Former Liverpool chairman claims state ownership is better than private equity

Former Liverpool chairman Sir Martin Broughton has weighed in on the conversation surrounding state-owned football clubs.

While it sounds like Fenway Sports Group have binned their plans to sell the club completely, the Glazer family are waiting to inform bidders of what steps will take place in phase two of the negotiation process.

FSG wanted to gauge the market reaction to their listing but a similar announcement from the Glazer family scuppered those plans.

Liverpool were in talks with Qatari-based entity QIA, but those talks appear to have ended with the Qataris backing away from the Merseyside club.

Billionaire Sir Jim Ratcliffe and a Qatari consortium have made offers, but involvement from private equity funds like Elliott Advisory has been mooted by sections of the media.

Broughton, who was part of a consortium that tried to buy Chelsea last year, said (via BBC Sport): “Private equity is an unsuitable owner of sports’ teams.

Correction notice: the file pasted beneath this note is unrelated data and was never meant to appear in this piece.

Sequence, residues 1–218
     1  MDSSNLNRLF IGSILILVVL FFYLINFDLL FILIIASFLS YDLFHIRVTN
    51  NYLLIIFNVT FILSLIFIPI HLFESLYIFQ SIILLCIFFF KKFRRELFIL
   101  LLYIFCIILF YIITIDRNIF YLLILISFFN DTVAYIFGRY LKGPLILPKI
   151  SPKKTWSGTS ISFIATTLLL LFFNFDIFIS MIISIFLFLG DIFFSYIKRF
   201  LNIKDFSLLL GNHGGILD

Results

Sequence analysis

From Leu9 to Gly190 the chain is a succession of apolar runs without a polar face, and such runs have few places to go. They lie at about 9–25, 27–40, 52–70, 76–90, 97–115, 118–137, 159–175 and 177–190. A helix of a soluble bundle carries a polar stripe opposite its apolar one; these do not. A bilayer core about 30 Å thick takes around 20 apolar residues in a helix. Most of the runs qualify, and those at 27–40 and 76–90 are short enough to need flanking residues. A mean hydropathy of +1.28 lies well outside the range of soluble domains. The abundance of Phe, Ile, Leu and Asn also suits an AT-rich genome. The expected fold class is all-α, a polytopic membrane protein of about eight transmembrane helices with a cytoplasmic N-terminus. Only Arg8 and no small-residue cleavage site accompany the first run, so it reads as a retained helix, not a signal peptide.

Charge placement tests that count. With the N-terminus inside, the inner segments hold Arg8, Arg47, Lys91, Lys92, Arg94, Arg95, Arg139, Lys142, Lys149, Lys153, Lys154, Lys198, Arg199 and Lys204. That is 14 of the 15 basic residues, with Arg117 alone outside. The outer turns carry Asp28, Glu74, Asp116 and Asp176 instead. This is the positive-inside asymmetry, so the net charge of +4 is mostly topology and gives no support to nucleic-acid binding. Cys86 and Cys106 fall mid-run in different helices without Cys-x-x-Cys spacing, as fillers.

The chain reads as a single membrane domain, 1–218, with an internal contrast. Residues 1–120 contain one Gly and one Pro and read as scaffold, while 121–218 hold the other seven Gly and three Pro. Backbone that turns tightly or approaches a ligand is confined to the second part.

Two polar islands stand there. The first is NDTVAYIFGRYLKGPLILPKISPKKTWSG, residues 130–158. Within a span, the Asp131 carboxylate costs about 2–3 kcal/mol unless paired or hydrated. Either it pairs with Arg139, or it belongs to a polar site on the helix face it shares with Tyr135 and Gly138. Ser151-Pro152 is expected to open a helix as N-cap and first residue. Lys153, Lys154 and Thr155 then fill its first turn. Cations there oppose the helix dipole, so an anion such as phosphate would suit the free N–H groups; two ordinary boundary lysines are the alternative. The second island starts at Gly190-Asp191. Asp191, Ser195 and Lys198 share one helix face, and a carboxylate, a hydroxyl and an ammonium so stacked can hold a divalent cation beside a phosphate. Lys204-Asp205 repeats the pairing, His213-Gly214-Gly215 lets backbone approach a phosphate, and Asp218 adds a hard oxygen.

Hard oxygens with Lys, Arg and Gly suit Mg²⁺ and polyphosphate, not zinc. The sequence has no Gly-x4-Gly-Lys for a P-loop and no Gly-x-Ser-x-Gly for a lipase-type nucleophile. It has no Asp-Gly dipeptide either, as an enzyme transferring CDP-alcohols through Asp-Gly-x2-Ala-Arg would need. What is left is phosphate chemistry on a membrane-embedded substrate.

“The US doesn’t let them buy any sports franchise. The standard operating procedure is buy with as little equity and as much leverage as possible, get your equity back as quickly as possible through dividends, then flip it as soon as there is a good profit.

“Nothing wrong with that process in other industries, but it is so far from what the fan wants.

“Football clubs are community entities. They are emotional assets. The fans want equity and no debt.

“Nation states are more appropriate. They take a longer-term view, tend to invest on higher equity, lower debt basis and don’t have a need-to-sell time frame.

“People might not like the particular nation state, but philosophically, I have less concern with a nation state owning something than private equity.”

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1 Comment

  1. “The US doesn’t let them buy any sports franchise.”

    This really is quite telling and says a lot about the UK or PL rather.

    The US doesn’t allow the model which it exports, or we import – i guess we can’t blame the investors for using the rules as they see fit.

    Maybe the PL should be less greedy and more concerned with the long term?

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